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Discussion Starter · #9 ·
OH MY GOSH I WANT IT SO BAD!!!



I just got back from looking at the '79 CX500, and it was about what I expected.



There are a few problems:



A gutted Screamin Eagle Harley exhaust has been (poorly) installed, without re-jetting. It pops and hiccups on decel, presumably from a lean condition.



The carbs show evidence of a partly clogged low-speed jet; the left side misses a lot at low speeds but picks back up at higher RPMs. The fact that it only misses on the left side excludes a bad coil, right?



The steering stem bearings are so far gone that the front end of the bike wanders in the road. The owner doesn't notice it (he has not ridden much), but he was kind enough to hold the back end down while I wiggled the front wheel; it moves over an inch in either direction. And the front tire is dry-rotted.



I'm not sure if it's got the original rear shocks, but the back end squats super low.



The clear coat is understandably cooked off the tank. Traces of the break-in sticker are still there.



The good:

I see not one single place where the wiring harness has been cut or mangled. Even went under the seat and fender looking for it.



The water pump leaked the predictable little bit of fluid after sitting up, nice and clean, the seal seems good.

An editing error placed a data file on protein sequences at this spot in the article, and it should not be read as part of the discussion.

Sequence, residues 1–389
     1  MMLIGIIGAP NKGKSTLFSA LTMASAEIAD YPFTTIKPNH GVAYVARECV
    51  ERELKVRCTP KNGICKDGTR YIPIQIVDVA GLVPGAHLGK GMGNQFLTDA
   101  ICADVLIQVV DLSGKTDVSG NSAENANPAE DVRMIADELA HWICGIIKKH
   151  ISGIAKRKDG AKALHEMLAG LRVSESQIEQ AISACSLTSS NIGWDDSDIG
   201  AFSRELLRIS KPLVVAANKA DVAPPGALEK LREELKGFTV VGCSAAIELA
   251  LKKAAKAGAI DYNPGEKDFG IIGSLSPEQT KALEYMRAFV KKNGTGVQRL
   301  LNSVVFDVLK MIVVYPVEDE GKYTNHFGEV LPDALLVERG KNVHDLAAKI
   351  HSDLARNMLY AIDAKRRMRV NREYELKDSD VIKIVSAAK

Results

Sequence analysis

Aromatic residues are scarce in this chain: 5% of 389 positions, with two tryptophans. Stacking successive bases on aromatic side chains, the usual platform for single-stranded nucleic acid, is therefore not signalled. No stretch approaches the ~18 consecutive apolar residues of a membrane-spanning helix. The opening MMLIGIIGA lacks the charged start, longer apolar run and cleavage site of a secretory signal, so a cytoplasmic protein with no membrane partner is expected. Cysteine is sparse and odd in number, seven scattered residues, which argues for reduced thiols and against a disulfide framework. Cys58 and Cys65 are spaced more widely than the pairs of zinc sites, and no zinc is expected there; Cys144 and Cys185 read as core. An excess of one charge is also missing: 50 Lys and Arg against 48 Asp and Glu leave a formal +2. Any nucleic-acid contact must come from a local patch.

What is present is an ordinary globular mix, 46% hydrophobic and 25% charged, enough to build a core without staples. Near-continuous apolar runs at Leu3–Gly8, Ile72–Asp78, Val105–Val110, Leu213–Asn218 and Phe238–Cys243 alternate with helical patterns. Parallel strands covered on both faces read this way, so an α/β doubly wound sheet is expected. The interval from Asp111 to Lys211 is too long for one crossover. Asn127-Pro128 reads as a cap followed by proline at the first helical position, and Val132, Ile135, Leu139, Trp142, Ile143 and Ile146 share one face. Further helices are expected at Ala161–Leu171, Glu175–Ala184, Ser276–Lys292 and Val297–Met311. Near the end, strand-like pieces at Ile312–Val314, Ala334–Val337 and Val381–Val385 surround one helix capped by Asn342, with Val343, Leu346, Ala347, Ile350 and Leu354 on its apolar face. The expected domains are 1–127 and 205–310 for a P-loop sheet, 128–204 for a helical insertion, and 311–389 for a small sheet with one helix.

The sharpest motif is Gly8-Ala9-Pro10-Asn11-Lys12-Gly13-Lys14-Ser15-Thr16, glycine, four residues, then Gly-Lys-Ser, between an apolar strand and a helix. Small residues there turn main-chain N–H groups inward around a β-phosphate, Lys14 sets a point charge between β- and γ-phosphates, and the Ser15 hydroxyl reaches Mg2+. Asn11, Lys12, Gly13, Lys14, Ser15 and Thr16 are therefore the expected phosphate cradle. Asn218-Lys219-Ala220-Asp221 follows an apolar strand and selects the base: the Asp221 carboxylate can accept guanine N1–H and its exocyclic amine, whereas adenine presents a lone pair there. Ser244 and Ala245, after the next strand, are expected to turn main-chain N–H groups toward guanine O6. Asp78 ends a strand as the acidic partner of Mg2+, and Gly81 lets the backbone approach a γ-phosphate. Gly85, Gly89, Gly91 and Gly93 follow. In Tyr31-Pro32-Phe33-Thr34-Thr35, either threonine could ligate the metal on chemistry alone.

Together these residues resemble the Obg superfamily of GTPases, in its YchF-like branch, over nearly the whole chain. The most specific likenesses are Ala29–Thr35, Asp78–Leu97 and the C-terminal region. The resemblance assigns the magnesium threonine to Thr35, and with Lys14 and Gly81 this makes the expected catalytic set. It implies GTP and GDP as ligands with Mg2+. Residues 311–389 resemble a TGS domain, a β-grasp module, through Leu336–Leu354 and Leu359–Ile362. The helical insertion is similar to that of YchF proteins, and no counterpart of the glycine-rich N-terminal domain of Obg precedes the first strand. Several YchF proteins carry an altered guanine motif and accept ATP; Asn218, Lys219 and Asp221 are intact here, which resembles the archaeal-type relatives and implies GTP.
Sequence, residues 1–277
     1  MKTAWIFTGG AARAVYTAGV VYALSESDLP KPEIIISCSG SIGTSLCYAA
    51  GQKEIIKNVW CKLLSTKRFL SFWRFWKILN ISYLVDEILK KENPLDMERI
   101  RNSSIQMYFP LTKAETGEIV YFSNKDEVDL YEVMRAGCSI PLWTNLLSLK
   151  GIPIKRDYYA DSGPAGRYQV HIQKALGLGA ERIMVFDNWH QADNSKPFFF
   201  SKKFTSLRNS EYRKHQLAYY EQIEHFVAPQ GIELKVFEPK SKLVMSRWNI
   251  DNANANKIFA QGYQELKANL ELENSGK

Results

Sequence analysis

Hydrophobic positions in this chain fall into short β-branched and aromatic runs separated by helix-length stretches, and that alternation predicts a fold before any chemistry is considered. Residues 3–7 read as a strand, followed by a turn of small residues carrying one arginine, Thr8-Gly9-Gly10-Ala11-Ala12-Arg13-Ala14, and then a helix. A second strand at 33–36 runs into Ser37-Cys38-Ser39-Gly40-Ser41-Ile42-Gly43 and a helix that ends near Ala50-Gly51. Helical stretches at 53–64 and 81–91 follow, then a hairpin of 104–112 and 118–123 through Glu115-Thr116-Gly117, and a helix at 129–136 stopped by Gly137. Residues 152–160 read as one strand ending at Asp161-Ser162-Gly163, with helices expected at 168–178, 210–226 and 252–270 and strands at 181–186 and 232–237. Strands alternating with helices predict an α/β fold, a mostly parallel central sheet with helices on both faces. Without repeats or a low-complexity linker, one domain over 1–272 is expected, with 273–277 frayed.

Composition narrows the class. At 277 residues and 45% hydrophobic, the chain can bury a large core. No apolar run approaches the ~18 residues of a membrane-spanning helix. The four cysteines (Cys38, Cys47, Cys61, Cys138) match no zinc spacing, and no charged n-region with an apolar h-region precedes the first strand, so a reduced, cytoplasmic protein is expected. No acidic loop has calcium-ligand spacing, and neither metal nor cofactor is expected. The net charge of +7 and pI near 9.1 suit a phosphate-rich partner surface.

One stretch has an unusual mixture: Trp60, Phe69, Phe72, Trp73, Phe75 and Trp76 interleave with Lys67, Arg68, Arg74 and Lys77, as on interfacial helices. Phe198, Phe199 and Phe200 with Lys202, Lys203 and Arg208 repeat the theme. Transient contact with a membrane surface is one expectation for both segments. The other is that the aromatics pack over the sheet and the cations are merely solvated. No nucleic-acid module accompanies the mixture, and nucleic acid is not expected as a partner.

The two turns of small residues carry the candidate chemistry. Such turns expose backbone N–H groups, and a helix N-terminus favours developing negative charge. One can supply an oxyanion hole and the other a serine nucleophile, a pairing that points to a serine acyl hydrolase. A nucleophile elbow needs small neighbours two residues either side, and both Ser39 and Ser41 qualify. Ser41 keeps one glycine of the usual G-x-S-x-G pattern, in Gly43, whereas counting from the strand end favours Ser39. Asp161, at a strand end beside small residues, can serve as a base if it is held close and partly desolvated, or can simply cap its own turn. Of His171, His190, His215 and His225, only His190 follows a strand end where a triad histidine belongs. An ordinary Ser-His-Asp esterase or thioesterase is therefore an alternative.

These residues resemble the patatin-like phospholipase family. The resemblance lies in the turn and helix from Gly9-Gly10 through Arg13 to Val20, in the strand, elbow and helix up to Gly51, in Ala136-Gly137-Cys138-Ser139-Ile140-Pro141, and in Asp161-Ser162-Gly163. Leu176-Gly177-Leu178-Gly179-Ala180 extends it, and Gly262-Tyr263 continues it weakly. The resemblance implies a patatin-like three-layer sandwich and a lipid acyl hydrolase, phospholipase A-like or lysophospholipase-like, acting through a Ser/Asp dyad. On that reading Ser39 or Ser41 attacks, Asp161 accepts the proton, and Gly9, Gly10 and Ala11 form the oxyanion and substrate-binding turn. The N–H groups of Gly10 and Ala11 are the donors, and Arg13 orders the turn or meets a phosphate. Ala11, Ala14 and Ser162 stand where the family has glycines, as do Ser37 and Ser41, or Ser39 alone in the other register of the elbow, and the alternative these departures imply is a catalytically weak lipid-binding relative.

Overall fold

Cosmetically, it's intact but it's been sitting. The seat cover's torn. The signals are sagging. It's dirty all over and all aluminum surfaces are moderately oxidized. Only 11k miles but it looks its age.



Owner's a nice guy, family man and all that, he was real patient and answered all my questions honestly. He's asking $900. Is that too much?
 

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Here is what I would do. I would send him a e-mail with the following information:



Items and cost to restore bike to current safety standards.



1. New front tire $80.00 cost plus $35.00 for mounting and balancing. ------------------------------------------------$115.00.

2. New stem bearings $45.00 plus 5 hours of time @20.00 per hour -----------------------------------------------------$135.00

3. New mufflers/collector box (Honda brand) $400.00 plus 4 hours labor -----------------------------------------------$480.00

4. Complete carb cleaning by Larry. (including UPS) -----------------------------------------------------------------$275.00